“That is the Good Friday of the twentieth century”


Isenheim Altar--Matthias Grünewald

In the great Passions of Johann Sebastian Bach, which stir our hearts anew each year during Holy Week, the terrible event of Good Friday is steeped in a transfigured and transfiguring beauty. These Passions do not, it is true, speak of the Resurrection—they end with the burial of Jesus—but in their eminent purity they speak to us of the certainty of Easter, of the certainty of that hope that is not extinguished even in the night of death. In recent times, this tranquil confidence of a faith that has no need to speak of the Resurrection because it lives and thinks in terms of it has become sadly unfamiliar to us.

In the Passion of the Polish composer, Krzysztof Penderecki, the holy repose of a community of believers who live always in the certainty of Easter has disappeared. Instead, we hear the agonized cries of the persecuted at Auschwitz; the cynicism and brutal voices of the commandos of this hell and the sycophantic cries of those who hope to curry favor by joining in the violence and so to save themselves from a like terror; the lashes of the anonymous, ever-present power of darkness; the hopeless sighs of the dying.

That is the Good Friday of the twentieth century. The face of mankind is ridiculed, spat upon, lacerated by man himself. From the gas chambers of Auschwitz, from the destroyed villages and brutally beaten children in Vietnam; from the slums of India, Africa, and Latin America; from the concentration camps of the communist world, which Solzhenitsyn has described so movingly and so graphically—from every side the “bleeding Head so wounded, reviled and put to scorn” looks upon us with a realism that makes impossible any aesthetic transfiguration.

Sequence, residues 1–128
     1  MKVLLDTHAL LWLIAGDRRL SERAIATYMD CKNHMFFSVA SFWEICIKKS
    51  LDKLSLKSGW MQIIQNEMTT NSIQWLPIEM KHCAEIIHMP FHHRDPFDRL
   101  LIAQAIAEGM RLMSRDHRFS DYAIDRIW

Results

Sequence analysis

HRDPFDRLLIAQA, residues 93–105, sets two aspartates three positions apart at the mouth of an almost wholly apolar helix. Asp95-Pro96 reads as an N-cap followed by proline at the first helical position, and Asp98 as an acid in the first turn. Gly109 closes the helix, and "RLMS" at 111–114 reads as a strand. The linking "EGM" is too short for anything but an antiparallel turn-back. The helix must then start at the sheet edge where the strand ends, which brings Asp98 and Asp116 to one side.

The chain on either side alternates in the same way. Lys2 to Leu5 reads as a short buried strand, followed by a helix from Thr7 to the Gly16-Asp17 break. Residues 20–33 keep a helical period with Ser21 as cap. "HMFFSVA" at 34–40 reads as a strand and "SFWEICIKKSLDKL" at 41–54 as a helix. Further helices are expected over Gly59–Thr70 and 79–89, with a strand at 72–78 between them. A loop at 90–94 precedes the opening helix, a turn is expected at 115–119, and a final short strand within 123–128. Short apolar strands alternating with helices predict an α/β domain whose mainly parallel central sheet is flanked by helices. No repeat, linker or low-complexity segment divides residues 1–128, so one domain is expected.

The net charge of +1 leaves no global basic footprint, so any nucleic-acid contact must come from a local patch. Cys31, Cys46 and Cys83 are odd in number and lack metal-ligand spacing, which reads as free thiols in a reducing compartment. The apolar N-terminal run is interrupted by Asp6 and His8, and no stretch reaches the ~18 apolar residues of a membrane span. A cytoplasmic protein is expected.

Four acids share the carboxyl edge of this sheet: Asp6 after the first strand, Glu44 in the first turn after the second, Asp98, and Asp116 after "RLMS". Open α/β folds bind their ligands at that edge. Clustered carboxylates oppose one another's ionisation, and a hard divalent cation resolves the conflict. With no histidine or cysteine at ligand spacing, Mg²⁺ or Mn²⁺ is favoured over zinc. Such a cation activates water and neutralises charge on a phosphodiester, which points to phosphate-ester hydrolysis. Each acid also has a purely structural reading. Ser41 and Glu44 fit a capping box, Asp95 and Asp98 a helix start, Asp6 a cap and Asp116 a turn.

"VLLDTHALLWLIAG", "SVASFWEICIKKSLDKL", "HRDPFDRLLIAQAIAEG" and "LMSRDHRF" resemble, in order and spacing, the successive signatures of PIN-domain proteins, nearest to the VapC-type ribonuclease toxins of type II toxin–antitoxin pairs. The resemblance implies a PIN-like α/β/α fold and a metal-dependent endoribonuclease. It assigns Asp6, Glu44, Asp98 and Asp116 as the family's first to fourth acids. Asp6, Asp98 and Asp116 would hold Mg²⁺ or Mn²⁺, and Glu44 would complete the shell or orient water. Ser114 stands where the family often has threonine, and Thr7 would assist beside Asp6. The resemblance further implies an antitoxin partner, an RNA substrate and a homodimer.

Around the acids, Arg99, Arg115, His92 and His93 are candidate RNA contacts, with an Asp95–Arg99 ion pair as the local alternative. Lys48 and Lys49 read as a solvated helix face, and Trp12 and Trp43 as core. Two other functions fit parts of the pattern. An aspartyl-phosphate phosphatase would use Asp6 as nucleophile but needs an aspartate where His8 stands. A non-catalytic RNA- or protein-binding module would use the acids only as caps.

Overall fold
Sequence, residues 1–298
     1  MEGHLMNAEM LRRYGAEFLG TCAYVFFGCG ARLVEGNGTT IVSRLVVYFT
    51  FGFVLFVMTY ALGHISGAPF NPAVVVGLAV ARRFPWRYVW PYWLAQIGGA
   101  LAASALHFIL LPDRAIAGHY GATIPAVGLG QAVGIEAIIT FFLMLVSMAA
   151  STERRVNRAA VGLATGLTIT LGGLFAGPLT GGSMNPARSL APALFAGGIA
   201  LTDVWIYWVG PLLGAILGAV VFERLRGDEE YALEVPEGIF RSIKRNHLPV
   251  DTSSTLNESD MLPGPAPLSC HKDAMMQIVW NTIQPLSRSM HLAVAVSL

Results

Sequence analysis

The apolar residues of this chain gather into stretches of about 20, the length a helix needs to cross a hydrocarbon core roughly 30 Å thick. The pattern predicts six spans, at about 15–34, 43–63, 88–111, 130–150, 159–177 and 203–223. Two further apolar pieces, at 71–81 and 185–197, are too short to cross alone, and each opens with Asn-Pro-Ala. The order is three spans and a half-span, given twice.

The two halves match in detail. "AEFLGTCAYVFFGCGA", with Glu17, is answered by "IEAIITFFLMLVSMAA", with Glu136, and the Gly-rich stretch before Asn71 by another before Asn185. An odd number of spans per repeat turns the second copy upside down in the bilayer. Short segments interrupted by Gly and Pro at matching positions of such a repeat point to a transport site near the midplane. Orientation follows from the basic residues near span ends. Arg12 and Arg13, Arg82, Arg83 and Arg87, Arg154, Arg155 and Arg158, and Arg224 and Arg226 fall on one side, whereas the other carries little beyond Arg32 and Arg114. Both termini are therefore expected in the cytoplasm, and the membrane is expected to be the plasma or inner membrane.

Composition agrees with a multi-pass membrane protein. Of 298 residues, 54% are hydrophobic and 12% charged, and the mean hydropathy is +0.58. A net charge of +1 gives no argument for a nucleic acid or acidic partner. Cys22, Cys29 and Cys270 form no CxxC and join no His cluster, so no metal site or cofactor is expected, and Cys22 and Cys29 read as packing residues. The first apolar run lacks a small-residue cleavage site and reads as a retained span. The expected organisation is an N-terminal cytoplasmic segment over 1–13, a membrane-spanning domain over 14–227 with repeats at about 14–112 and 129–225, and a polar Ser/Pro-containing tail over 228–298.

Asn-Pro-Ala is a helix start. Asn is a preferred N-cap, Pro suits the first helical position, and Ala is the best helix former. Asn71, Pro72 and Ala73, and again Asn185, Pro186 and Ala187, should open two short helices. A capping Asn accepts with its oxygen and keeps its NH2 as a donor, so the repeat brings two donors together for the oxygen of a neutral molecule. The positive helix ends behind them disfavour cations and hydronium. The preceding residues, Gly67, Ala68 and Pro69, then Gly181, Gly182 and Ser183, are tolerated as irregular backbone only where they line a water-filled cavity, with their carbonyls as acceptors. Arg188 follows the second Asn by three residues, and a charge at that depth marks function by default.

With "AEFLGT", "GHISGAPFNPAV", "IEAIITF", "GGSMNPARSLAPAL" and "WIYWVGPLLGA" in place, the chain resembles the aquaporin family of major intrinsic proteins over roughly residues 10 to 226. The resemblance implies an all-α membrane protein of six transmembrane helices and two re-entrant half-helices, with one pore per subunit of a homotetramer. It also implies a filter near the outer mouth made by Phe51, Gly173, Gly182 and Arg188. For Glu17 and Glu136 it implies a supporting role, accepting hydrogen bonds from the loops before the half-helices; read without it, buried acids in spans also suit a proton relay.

If we want to unite the Good Friday of the twentieth century with the Good Friday of Jesus Christ, we must convert the cry of anguish of our century into Jesus’ cry to the Father for help—turn it into a prayer to the God who, despite all appearances, is truly near. We might, of course, carry our thought a bit further here and ask: Can we pray with honest hearts as long as we have done nothing to wipe the blood from those who have been tortured and to dry their tears? Is not Veronica’s gesture the very least we must do before we can even speak of prayer? Can we pray with the lips alone or does not prayer require the participation of the whole person? To raise these questions again each year is the crucial demand that Good Friday places upon us.

Pope Benedict XVI from Dogma und Verkündigung, in the Logos Joseph Ratzinger/Pope Benedict XVI Collection. Also in C0-Workers of the Truth: Meditations for Every Day of the Year.

“In spite of that, we call this Friday good”

The wounded surgeon plies the steel
That questions the distempered part
Beneath the bleeding hands we feel
The sharp compassion of the healer’s art
Resolving the enigma of the fever chart.

Our only health is the disease
If we obey the dying nurse
Whose constant care is not to please
But to remind of our, and Adam’s curse,
And that, to be restored, our sickness must grow worse.

The whole earth is our hospital
Endowed by the ruined millionaire,
Wherein, if we do well, we shall
Die of the absolute paternal care
That will not leave us, but prevents us everywhere.

The chill ascends from feet to knees,
The fever sings in mental wires.
If to be warmed, then I must freeze
And quake in frigid purgatorial fires
Of which the flame is roses, and the smoke is briars.

The dripping blood our only drink,
The bloody flesh our only food:
In spite of which we like to think
That we are sound, substantial flesh and blood—
Again, in spite of that, we call this Friday good.

T.S. Eliot, “East Coker” from Four Quartets